If your CAD risk is elevated, we’ll help you create a personalized treatment plan. Making certain lifestyle changes or taking certain medicines can slow CAD progression and help prevent serious complications.
How a coronary calcium scan works
A coronary calcium scan is a special type of CT scan. It uses a small amount of radiation to take 3D pictures of your coronary arteries, which are blood vessels that wrap around your heart.
If you have CAD, your coronary arteries will contain hardened deposits of calcium, fats, and cholesterol, also known as plaque. The more plaque you have in your coronary arteries, the narrower they become. This increases your risk of a heart attack or heart failure.
The calcium found in plaque shows up very well on a coronary calcium scan. We can quickly and easily see whether your heart health is on track or if you need to take immediate steps to prevent further plaque build-up.
If you think you’d benefit from a coronary calcium scan, talk to your primary care provider. In order to have this test at the UI Heart and Vascular Center, you’ll need a referral from your provider.
What to expect during a coronary calcium scan
Your coronary calcium scan will probably take about 15 minutes from start to finish.
During your procedure
A coronary calcium scan usually includes the following steps:
First, we’ll help you lay down on your back, on a moveable table.
We’ll attach sticky metal discs called electrodes to your chest. These electrodes are attached by wire to a machine that keeps track of your heart rate.
Next, the table will slide into the center of a large, doughnut-shaped scanner. You may feel the table move gently back and forth throughout the procedure.
You’ll need to lie as still as possible while the machine takes pictures. Your imaging technician may occasionally ask you to hold your breath.
Once your scan is complete, you can go home or return to your normal activities.
After your procedure
The pictures taken during your coronary calcium scan will be read by a cardiologist with special training in cardiac imaging. The cardiologist will write a report summarizing the results of your procedure and send it to the provider who ordered it.
Your report will include a coronary calcium score. It’s based on the amount and thickness of calcium deposits in your coronary arteries.
Understanding your coronary calcium score
Your coronary calcium score determines whether your risk of developing coronary artery disease (CAD) and a subsequent heart attack is low, medium, or high. It will fall between zero and 400.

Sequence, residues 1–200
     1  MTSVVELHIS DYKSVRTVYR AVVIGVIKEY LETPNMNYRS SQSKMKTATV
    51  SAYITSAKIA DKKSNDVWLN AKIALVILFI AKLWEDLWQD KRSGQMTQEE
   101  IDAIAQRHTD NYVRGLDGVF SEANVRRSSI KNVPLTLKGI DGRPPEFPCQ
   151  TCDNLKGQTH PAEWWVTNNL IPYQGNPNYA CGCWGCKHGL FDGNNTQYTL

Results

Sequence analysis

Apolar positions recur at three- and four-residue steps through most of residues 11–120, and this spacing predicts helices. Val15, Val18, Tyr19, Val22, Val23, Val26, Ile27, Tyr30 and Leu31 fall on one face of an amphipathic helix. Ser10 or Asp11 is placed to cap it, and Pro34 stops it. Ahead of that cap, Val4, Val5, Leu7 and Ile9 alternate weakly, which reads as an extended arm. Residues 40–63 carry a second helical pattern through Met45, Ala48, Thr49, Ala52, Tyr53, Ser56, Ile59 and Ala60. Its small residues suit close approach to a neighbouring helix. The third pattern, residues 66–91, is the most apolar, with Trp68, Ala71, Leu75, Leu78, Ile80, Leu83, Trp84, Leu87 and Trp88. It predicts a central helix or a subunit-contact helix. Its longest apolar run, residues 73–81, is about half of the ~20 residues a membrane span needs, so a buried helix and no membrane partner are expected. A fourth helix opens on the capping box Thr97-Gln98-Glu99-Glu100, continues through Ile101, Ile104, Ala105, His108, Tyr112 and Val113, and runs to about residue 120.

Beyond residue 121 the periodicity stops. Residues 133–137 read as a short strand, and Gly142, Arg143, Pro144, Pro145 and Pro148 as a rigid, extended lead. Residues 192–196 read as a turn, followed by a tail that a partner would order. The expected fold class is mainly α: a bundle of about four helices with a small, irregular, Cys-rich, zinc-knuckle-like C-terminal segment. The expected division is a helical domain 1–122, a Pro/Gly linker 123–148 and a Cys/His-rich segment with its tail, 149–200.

0: There is no calcium in your coronary arteries. Your odds of developing CAD or having a heart attack in the next five years is low.
0–100: A score in this range is also considered low risk, because it means there is very little calcium build-up.
100–300: A score in this range means you have moderate amounts of calcium in your coronary arteries. You have a relatively high risk of developing CAD and having a heart attack during the next five years.
300 and up: A score in this range means you already have extensive calcium build-up. You have a very high risk of advanced CAD and a heart attack.
Your provider will help you understand what your score means. You’ll also discuss next steps, including further testing or potential treatments.
Who can benefit from a coronary calcium scan?
You should talk to your primary care provider about having a coronary calcium scan if:
You have a moderate risk of heart disease because of your family history, lifestyle choices, or other factors.
You do not have any cardiovascular symptoms.
You’re between the ages of 40 and 60.
In most cases, cardiac imaging procedures are for people who have symptoms such as chest pain or shortness of breath. But it’s possible to have CAD without knowing it. Symptoms may not appear until your coronary arteries are severely narrowed.
A coronary calcium scan takes the guesswork out of deciding when or how to treat you. This test lets us see if there is plaque build-up in your coronary arteries and how extensive it is. That way, we can make informed decisions about your treatment options.
Coronary calcium scan cost
Even though coronary calcium scans can play an important role in determining your risk of heart disease, they are not yet covered by many health insurance plans.
If you and your provider decide you should have this test, there’s a chance you’ll need to pay the full cost. The UI Heart and Vascular Center offers coronary calcium scans at a discounted rate.
To find out our current rate for this procedure, please call 1-319-356-7102.